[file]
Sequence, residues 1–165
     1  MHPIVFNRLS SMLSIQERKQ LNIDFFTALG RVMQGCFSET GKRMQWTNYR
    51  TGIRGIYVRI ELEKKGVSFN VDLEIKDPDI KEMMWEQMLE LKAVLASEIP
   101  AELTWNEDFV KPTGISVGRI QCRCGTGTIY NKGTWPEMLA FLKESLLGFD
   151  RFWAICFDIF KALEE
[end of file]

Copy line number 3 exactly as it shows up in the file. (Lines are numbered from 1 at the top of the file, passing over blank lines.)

    51  TGIRGIYVRI ELEKKGVSFN VDLEIKDPDI KEMMWEQMLE LKAVLASEIP